Monday, July 16, 2007


Of Lions and Arenas

Thursday, July 16, 1925

After lunch, William Jennings Bryan made his first speech of the trial. He said that he had not felt competent to speak in the early stages, when the disputes concerned Tennessee law and Tennessee procedure. But there were other matters at stake; in the next hour, he ran the full roster.

Referring to a recent New York law that had repealed the state enforcement of prohibition, Bryan asked what the newspapers would have said if Tennessee had sent experts to New York to testify that prohibition was really a good thing. But New Yorkers had not hesitated to impose their views on Tennessee.

And what doctrine were these invaders teaching? What was the issue? It was simple: "the Christian believes that man came from above; but the evolutionist believes he must have come from below." (Bryan mistakenly thought the loud laughter was all with him.) He took up the evolutionary tree on page 194 of Hunter's book, which showed the number of species in each class of animals: 518,000 species in all -- 8,000 of protozoa, Bryan pointed out, 360,000 of insects, 13,000 of fishes, 3,500 of reptiles, 13,000 of birds. "And then we have mammals, 3,500, and there is a little circle and man is in the circle." Bryan challenged his audience: "Find him. Find him."

He was enraged. "Talk about putting Daniel in the lion's den. How dared those scientists put man in a little ring like that with lions and tigers and everything that is bad!"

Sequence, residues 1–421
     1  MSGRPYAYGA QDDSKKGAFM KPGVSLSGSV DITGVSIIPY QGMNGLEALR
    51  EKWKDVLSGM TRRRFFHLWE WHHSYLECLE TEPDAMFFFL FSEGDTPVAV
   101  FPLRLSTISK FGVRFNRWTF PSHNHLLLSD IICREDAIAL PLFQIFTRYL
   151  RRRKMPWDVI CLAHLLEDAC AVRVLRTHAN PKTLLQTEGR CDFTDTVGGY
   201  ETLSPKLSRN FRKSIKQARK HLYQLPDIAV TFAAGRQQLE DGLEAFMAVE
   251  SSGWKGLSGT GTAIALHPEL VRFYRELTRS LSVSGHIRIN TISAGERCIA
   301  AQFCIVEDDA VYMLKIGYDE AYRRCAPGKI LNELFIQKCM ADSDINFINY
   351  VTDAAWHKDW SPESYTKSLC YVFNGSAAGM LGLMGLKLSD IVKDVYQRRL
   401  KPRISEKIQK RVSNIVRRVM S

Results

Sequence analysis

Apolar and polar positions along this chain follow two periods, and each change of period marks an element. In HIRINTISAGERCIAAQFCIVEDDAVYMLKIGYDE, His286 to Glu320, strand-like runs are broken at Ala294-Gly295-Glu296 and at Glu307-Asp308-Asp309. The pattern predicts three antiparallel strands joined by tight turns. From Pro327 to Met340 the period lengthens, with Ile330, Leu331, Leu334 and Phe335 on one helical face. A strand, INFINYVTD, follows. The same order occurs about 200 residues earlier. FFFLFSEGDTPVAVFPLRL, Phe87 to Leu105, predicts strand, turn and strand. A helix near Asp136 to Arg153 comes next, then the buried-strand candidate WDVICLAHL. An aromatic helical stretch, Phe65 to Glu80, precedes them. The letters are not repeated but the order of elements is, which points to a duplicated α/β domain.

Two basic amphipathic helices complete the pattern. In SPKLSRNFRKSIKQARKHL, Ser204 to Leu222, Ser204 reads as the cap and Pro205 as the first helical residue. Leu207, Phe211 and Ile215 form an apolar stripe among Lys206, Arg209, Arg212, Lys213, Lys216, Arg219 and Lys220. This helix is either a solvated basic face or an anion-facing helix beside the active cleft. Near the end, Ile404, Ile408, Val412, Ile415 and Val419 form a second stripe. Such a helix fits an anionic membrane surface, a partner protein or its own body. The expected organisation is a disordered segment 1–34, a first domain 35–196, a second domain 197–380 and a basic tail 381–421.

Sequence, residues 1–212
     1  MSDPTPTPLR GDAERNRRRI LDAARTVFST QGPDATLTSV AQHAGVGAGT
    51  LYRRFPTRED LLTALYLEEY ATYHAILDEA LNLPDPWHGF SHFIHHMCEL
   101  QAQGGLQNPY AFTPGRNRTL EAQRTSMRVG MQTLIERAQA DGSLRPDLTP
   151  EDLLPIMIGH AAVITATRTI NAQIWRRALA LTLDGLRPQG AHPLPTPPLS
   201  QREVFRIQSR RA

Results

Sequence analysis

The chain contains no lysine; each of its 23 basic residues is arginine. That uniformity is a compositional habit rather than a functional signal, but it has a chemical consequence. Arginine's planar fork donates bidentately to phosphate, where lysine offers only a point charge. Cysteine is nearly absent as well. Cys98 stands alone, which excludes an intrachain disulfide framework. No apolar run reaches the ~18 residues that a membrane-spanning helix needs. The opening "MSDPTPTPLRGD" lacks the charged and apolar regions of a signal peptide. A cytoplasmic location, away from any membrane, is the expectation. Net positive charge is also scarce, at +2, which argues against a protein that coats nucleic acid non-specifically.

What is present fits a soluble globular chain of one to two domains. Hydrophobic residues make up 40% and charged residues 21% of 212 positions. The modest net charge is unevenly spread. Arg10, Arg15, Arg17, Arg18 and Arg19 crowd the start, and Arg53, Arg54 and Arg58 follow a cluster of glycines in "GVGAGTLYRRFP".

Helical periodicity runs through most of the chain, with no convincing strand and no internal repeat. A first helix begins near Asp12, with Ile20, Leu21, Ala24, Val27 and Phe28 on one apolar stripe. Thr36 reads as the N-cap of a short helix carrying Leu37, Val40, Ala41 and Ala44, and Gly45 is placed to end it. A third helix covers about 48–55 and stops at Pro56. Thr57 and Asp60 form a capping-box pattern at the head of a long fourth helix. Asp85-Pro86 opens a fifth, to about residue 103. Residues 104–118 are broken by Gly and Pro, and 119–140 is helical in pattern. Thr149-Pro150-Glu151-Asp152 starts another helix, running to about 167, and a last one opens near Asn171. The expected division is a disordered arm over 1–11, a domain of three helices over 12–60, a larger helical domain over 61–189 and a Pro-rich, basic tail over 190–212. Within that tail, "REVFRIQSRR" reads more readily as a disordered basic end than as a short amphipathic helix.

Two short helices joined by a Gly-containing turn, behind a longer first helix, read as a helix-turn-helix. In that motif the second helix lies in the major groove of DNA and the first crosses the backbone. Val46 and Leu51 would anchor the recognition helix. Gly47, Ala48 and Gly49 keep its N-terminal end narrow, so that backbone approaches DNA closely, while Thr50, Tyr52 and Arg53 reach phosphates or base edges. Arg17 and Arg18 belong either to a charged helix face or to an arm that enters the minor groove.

- Ray Ginger, Six Days or Forever?

Malone responded with a moving, half-hour plea for freedom that had all the more impact because the audience did not see it coming. "As he rose to answer Bryan he performed the most effective act anyone could have thought of to get the audience's undivided attention: He took off his coat," Scopes later recalled. "Every eye was on him before he said a single word." Malone started off quietly, half-seated on the defense table -- as if humbled to follow the Great Commoner. "I defy anybody, after Mr. Bryan's speech, to believe that this is not a religious question," Malone commented near the beginning. "Oh, no, the issue is as broad as Mr. Bryan himself makes it." The volume rose as Malone recalled the Commoner's pretrial threats. "We have come here for this duel," Malone declared, "but does the opposition mean by duel that one defendant shall be strapped to a board and that they alone shall carry the sword? Is our only weapon -- the witnesses who shall testify to the accuracy of our theory -- is our only weapon to be taken from us?" By now he stood tall and shouted his defiance. "We feel we stand with science. We feel we stand with intelligence. We feel we stand with fundamental freedom in America. We are not afraid," Malone concluded. "We ask your honor to admit the evidence as a matter of correct law, as a matter of sound procedure and as a matter of justice to the defendant."

- Edward J. Larson, Summer for the Gods


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